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Work on Demand: Contracting for Work in a Changing Economy


Labour law as a scholarly discipline is widely believed to be in crisis. Since the time of its birth, both the nature of working relationships and the context within which they are formed and regulated have changed significantly. The difficulty for scholars is that old concepts don’t perform the function anymore of making sense of the field. Old arguments about the need to protect workers’ interests are met with counterarguments, informed by neoclassical economics, that protective measures inhibit economic growth and increase unemployment.
The WorkOD project aspires to nothing less than a fundamental transformation of the discipline of labour law across the whole of Europe and beyond. Understanding the crisis to have at its heart a crisis of methodology, it aims to develop a new methodology for the study of the key legal concept of the contract for work. It aims to explain trends in the field of work organisation and working relationships and to assess the significance of particular labour market institutions to the achievement of policy goals in a way that is useful to scholars and policy-makers. And it aims to pave the way for future contributions by scholars to policy debates, so that they may influence in positive ways the identification of new economically and socially sustainable solutions to the problem of the division of responsibilities and risks between workers and those for whom they work.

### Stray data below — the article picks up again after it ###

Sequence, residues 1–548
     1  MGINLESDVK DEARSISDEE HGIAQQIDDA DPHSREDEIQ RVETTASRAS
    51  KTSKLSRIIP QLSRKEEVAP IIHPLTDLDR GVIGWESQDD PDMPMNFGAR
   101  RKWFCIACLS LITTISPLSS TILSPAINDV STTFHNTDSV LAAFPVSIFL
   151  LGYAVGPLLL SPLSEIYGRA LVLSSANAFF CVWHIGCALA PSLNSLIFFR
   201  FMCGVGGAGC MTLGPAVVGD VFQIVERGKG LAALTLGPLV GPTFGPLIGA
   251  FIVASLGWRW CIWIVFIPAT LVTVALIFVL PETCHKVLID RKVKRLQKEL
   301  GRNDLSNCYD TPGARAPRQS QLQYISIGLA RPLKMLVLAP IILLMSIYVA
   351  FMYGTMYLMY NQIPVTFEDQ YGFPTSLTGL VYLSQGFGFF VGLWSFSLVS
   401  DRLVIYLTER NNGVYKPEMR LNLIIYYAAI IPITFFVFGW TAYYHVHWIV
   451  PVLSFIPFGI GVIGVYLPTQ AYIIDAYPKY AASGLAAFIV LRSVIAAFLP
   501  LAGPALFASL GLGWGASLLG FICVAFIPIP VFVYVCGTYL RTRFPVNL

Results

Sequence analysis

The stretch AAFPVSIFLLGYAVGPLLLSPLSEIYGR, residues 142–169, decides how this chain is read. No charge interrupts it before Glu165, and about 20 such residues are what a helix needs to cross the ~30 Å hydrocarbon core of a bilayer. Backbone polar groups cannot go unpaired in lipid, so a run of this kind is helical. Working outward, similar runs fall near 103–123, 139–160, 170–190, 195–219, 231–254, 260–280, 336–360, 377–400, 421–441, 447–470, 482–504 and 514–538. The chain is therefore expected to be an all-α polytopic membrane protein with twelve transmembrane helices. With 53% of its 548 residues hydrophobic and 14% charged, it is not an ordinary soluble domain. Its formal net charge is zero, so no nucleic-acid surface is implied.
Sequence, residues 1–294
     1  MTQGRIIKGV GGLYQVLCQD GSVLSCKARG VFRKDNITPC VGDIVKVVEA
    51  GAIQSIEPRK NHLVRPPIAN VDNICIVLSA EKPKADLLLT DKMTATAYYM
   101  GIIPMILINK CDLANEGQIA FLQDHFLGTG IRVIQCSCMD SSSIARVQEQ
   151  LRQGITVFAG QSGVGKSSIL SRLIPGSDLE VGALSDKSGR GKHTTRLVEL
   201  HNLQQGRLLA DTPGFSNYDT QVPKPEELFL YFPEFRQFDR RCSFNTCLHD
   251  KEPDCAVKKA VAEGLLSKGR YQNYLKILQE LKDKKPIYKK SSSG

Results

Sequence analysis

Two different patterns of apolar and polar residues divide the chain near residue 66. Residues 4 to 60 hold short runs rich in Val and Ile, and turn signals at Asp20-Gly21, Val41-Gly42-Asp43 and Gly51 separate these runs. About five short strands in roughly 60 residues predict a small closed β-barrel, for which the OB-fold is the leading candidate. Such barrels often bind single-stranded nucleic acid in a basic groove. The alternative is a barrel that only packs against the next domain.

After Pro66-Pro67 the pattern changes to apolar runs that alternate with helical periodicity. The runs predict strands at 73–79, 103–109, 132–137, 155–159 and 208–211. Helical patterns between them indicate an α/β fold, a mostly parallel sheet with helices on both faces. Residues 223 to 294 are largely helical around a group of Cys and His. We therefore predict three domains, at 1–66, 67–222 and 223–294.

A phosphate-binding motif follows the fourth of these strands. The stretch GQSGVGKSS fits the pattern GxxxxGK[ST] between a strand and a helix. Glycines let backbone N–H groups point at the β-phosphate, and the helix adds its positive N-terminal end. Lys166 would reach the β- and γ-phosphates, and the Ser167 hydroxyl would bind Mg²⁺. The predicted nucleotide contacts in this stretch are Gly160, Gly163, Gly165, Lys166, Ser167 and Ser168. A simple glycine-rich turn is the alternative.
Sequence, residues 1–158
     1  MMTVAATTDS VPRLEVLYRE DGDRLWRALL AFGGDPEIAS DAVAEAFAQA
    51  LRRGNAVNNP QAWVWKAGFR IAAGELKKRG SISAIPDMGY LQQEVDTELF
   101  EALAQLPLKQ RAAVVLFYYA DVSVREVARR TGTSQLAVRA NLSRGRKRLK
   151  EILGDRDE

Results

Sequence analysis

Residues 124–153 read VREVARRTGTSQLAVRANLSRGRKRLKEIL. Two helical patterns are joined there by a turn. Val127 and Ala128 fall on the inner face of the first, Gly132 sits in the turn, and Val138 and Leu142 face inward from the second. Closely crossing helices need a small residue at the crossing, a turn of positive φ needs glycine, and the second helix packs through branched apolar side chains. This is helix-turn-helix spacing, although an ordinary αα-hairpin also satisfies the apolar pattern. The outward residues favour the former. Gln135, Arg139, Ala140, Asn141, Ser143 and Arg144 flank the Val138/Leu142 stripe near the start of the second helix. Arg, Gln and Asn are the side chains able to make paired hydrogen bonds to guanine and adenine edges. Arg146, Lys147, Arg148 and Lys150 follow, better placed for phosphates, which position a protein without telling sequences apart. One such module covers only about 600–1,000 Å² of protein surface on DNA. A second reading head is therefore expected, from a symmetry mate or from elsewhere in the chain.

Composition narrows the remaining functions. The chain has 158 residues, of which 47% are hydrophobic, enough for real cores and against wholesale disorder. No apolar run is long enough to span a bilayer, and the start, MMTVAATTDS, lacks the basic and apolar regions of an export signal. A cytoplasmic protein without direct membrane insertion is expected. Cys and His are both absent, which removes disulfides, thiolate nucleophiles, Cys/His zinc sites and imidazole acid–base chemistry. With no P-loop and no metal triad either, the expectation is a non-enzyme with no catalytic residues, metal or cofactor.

In a marked departure from the state of the art, the project defines contracting for work as an instance of economic, social and legal behaviour, influenced in a variety of ways by the institutional context within which it proceeds. Rejecting the reframing of labour law according to a full blown market paradigm, it argues instead for the utility of sociological methods. Its development of a new methodology begins from a combination of micro and macro perspectives, and a synthesis of approaches drawn from economic sociology, political economy and the sociology of law.

Host institution

Net EU contribution
€ 1 422 818,00
G12 8QQ Glasgow
United Kingdom

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Scotland West Central Scotland Glasgow City
Activity type
Higher or Secondary Education Establishments
Total cost
€ 1 422 818,00

Beneficiaries (1)